2.      Jealousy evolved as primary defense, co-evolved response threats of partner’s infidelity & abandonment

3.      Jealousy gives us sensitivity to signals of betrayal, produces partners who conceal their defections & would-be- poachers who conceal their interest in mate (Ex. novel, Laughter in the Dark)

D.    Intensity of jealousy reveal to partner information about strength of commitment:

1.      Absence of jealousy signal lack of love

2.      Moderate jealousy signals their partner feels committed to them

3.      Excessive jealousy signals danger (Sign of anxiety about relationship; partner feels threatened by real or imagined rivals)

E.     Why women developed strategy of intentionally evoking jealousy by strategically flirting with other men in partner’s presence:

1.      Women increase man’s perception of their desirability

2.      Provides litmus test for her (She can evaluate strength of his commitment)

3.      Man believes self to be extraordinarily lucky & strengthens his commitment to her

F.     Men learn to distinguish real threats from false alarms                                                                     1.  To separate a mate’s casual flirtation from real sexual

                                         interest in a rival.

 

 

Chapter 3: Jealousy on Mars and Venus

 

I.            Women and men are virtually identical in levels of jealousy.

           

A.  The typical stereotype of men being the most extremely jealous is       

       wrong and can be found in both sexes.

 

B. Study:

           

1. "Enid" mistakes her husbands office for another man's office and  

      thinks his lover just changed his office around.

2.  A jealous husband makes a fool out of himself when he sneaks up on his wife because he believes she is with another man in their kitchen, only find her cooking.

 

II.             Women and men differ in their mating strategies.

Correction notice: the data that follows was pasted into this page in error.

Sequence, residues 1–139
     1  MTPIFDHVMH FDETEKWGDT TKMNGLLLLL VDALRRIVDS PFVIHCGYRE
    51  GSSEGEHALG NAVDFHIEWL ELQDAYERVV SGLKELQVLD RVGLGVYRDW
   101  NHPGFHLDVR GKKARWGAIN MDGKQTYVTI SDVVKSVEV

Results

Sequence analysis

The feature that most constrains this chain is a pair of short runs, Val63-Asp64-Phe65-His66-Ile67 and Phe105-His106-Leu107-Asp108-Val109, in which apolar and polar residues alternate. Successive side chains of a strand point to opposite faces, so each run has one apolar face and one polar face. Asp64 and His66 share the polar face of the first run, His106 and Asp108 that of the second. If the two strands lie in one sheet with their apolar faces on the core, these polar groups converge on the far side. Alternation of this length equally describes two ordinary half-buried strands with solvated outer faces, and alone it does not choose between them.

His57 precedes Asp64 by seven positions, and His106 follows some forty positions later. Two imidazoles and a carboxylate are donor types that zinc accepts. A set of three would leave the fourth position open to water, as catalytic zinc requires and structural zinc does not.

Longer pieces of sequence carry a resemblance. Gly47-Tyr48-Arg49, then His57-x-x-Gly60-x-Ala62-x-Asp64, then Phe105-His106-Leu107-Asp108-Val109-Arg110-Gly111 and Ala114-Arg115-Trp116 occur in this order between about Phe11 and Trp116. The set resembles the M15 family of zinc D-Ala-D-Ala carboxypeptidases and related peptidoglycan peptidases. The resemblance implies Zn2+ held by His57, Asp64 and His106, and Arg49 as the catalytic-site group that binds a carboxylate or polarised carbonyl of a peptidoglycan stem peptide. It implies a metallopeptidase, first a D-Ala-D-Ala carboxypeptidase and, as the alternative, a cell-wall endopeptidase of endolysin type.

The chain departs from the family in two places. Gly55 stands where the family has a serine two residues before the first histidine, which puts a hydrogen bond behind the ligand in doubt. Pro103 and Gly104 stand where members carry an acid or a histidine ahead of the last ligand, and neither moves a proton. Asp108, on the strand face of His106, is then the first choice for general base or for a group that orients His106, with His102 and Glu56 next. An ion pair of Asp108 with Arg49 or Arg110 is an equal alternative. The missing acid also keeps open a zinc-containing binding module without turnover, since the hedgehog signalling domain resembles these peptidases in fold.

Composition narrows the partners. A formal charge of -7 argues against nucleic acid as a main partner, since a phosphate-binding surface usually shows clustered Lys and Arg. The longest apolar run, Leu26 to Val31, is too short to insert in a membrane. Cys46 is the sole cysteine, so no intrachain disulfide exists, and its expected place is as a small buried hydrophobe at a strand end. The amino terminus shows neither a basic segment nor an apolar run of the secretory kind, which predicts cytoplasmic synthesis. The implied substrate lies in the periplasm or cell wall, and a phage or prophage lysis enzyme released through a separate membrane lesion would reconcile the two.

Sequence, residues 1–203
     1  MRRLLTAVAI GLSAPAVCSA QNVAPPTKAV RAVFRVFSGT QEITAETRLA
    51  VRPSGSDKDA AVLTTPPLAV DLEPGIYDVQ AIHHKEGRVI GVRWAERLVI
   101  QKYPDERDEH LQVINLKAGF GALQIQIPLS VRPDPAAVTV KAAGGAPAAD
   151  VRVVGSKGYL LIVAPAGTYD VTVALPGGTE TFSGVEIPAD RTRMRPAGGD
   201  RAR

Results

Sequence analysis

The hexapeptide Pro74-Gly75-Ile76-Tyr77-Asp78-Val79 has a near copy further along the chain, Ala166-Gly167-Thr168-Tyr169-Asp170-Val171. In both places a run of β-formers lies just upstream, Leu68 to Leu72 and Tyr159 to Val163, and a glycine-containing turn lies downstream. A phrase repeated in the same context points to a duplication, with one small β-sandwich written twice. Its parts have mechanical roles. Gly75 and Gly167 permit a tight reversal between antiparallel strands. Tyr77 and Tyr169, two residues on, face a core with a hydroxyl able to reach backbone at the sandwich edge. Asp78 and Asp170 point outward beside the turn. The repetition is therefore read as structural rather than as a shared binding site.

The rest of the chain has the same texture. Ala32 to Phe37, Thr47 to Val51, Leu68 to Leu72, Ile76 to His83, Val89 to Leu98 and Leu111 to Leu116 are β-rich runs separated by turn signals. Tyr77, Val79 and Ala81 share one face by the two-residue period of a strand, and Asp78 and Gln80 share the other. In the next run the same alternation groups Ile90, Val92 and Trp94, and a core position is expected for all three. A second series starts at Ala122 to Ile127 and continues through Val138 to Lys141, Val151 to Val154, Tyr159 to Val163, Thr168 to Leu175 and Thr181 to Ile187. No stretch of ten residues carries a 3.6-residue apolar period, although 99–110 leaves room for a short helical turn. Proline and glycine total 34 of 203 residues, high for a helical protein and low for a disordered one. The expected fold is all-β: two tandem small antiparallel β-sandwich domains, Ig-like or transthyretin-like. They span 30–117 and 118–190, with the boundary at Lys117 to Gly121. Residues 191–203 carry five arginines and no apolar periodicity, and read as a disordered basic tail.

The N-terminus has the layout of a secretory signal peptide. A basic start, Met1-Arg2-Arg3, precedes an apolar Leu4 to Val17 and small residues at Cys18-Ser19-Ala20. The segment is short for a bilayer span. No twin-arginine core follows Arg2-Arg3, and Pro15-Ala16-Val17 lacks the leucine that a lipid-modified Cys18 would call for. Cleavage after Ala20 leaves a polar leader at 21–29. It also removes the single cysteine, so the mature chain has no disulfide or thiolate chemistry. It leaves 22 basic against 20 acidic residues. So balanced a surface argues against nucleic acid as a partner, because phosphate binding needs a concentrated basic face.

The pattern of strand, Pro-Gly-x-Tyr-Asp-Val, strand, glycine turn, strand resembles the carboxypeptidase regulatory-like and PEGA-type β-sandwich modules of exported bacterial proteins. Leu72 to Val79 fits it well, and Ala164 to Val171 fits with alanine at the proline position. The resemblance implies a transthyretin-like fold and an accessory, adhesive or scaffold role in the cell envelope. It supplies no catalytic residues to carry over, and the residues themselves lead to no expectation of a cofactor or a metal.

A. Women place a premium on commitment, emotional involvement, and

      love.

 

B. Men place a premium on sexual variety, age, beauty, and fertlilty.

 

III.            Jealousy is a result of strategic interference.

           

            A.  Strategic interference "occurs when someone blocks or impedes the

      strategies and goals of another person." Anger, fear, and jealousy are  

      tracking devices to alert strategic interference.

B. Males risk paternity assurance and have to deal with opportunity costs   

     because of strategic interference.

            1. Opportunity costs is when a man invests in one woman and loses 

                out on other women because of it.

C. Females risk losing a man's time, energy, resources, and commitment.

 

IV.            Women and men differ in connecting love with sex.

 

A. John Marshal Townshed found that 74% of men and 22% of women         

     find it easy to keep from getting emotionally involved during sex.    

B. Women tend to feel vulnerable, used, degraded, and cheapened after sex

     without any emotional connection.

 

V.        Men are more jealous when their partner has sexual infidelity and women

            are more jealous when their partner has emotional infidelity.        

           

A. Sexual infidelity is having sex with someone else and emotional infidelity  

     is when your partner falls in love with someone else.

B. "Sophie's choice": (Meryl Streep) when men and women are told to  

     imagining choosing between sexual infidelity and emotional infidelity of

     their partner.

1. Study: Out of 530 men and women 67% of men and 44% of  

                women found it harder to forgive sexual infidelity.

 

VI.       David DeSteno and Peter Salovey's Double Shot Theory.

 

            A. Double Shot Theory: when a man thinks his partner is becoming 

                 sexually involved with a rival, he also thinks his partner will be

                 emotionally involved with them.

            B. Reverse Double Shot Theory: women think that when their partner

     becomes emotionally involved with someone else they will also will be

     sexually involved with them.